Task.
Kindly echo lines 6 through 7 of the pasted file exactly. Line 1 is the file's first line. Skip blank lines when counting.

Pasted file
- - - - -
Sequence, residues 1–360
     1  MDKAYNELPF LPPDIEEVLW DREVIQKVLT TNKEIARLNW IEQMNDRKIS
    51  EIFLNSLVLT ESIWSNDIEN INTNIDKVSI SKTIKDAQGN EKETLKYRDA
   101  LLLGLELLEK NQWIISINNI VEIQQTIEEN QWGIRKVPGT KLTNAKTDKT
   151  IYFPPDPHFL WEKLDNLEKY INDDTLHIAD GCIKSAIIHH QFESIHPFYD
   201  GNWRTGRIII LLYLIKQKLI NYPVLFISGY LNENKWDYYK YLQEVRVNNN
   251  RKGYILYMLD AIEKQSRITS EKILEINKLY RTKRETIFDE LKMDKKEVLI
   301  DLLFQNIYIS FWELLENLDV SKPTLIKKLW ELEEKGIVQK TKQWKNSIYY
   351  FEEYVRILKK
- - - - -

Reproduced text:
   201  GNWRTGRIII LLYLIKQKLI NYPVLFISGY LNENKWDYYK YLQEVRVNNN
   251  RKGYILYMLD AIEKQSRITS EKILEINKLY RTKRETIFDE LKMDKKEVLI